Choice Coin is starting a new open source software project for developing quantum software to integrate with blockchain technologies on Algorand. The project is open source and invites collaborators. This Post will serve as a resource for the project and a place where updates may be provided. Please also feel free to provide any thoughts, feedback, or critique below.
Quantum computing provides a solution for solving SHA-256 by means other than brute force, which will provide a cost-efficiency improvement in mining. Long term, a goal is to use the software developed to mine digital assets from Proof-of-Work blockchains and bridge those assets to Algorand.
Main Problem: How to solve SHA-256 with a quantum computer.
- How is the the cryptographic problem broadcast to the Bitcoin network to validate new blocks?
- How are guesses submitted to the Bitcoin network to validate new blocks?
- How can the quantum computer be used to solve new blocks faster than classical computing systems?
Our goal is to advance the edge in quantum cryptography for the purpose of mining digital assets with a quantum computer. The focus for the research will be on blockchain security innovation.
Quantum mechanics is the scientific discipline concerned with the motion and interaction of subatomic particles. Conceptually, Richard Feynman was the first person to discuss the intuition behind quantum computers, specifically to evolve computers from binary logic to a higher-order logic using quantum mechanical properties. The idea was based on the quantum mechanical principle, superposition. Superposition describes an instance where a subatomic particle occupies two independent spatial positions simultaneously. Feynman’s greatest idea was to exploit this principle to improve computational systems.
A quantum computer is a physical system harnessing quantum effects to perform computation. Quantum computers differ from classical computers because of the way in which they process information. Classical computers process information with bits, a binary representation. However, quantum computers process information with qubits, which represent information in a complex vector space.
The qubit is an innovation advancing the goal to improve the efficiency and power of classical computing methodologies with quantum mechanics. A qubit may represent a zero, one, or zero and one simultaneously in a state of superposition. The qubit allows for faster computing and less electrical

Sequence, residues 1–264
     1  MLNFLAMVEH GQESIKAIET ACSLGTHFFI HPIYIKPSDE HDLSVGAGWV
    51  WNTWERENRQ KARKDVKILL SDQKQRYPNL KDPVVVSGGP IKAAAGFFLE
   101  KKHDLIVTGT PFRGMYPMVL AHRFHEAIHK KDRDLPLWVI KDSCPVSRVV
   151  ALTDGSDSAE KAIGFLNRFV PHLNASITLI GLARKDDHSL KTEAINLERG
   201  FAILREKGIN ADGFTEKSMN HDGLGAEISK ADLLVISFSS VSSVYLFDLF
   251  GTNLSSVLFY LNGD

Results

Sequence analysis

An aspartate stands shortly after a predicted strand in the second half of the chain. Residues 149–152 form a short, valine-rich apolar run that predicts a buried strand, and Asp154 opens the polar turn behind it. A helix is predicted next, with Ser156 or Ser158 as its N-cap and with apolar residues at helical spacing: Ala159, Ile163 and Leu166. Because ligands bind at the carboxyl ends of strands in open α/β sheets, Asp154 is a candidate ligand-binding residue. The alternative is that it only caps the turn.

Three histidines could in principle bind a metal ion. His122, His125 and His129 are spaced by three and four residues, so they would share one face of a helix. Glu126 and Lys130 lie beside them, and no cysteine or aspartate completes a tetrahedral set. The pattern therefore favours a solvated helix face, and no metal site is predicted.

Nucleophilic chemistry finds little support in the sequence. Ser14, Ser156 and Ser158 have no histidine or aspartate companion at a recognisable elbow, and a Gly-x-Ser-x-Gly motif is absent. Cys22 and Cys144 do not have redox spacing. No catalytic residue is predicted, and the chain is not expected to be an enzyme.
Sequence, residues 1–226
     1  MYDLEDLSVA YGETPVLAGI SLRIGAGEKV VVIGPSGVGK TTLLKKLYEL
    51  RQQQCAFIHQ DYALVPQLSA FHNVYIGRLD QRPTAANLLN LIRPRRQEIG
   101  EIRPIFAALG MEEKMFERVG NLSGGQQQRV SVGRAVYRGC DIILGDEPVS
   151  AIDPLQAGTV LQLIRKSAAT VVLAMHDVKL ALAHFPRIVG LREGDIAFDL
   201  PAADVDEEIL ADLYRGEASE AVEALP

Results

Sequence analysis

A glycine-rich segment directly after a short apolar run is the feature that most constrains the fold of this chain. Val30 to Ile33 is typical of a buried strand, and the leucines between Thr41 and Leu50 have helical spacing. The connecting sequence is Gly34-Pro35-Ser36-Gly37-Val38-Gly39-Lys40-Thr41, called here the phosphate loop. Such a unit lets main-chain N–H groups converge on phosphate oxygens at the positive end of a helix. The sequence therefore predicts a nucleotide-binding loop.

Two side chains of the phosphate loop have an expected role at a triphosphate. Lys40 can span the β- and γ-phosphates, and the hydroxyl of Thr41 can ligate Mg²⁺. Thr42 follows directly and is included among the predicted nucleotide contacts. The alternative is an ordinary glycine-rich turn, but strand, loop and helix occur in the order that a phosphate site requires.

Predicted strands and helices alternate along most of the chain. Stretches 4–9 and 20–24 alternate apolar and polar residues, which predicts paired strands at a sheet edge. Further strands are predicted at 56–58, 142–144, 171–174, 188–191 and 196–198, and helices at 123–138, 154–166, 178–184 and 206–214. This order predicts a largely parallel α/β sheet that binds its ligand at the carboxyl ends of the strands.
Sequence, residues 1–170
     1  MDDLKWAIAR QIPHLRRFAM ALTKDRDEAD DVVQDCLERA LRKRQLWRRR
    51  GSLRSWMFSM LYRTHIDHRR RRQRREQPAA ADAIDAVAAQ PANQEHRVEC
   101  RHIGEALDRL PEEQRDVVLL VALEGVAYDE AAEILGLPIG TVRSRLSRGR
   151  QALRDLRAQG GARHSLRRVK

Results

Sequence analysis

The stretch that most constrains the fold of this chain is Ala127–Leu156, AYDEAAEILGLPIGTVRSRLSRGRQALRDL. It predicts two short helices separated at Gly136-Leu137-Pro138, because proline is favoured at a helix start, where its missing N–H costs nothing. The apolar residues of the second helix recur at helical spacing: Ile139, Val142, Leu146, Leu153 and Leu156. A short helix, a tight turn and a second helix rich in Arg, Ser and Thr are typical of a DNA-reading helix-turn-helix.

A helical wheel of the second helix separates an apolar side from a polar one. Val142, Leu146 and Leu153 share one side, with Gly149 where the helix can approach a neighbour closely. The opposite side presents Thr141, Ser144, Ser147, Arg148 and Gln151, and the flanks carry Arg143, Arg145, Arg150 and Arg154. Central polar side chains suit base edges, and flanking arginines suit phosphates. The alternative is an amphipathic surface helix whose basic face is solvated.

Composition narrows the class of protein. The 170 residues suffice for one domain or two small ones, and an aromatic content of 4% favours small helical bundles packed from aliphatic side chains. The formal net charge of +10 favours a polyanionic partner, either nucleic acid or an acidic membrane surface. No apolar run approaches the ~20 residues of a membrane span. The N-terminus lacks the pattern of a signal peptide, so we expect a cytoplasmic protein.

power consumption compared to its classical counterpart.
Adiabatic Quantum Computers
Adiabatic quantum computers (AQCs) are supercomputers harnessing natural quantum state evolution to perform computation. Instead of using Silicon like traditional computer chips, the quantum chip uses a metal called Niobium. The Niobium is looped throughout the chip, connecting the qubits and acting as a superconducting metal where each loop models a quantum spin. The chip is cooled to the near zero Kelvin temperature and becomes a superconductor, a metal with properties including zero electrical resistance and magnetic flux fields. The superconducting properties allow the chip to manipulate quantum mechanical physics and eliminate noise during the computational process.
Gate Model Quantum Computers
The second type of quantum computer is the Gate Model Quantum Computer (GMQC). In contrast to AQCs, which utilize a quantum state’s natural evolution, GMQCs directly control quantum state evolution. In this approach, quantum circuits are engineered from electrical and mechanical components to create a computational circuitry using qubits. Further, the qubits are acted upon by sequences of logical gates that are the compiled representation of an algorithm. The GMQC includes two key elements, the quantum circuit and gate transformation.
Photonic Circuit Board
Photonic Quantum Computers (PQCs) are the newest type of quantum computer. PQC hardware is developing on research demonstrating a qubit can be represented by polarized photonic spin. A photon is a single light particle, which has no charge and zero rest mass. The relationship between electron spin and photonic polarization may be explained analogously. For example, MIT researcher Mihika Prabhu, experimentally demonstrated success for quantum sampling on a PQC.
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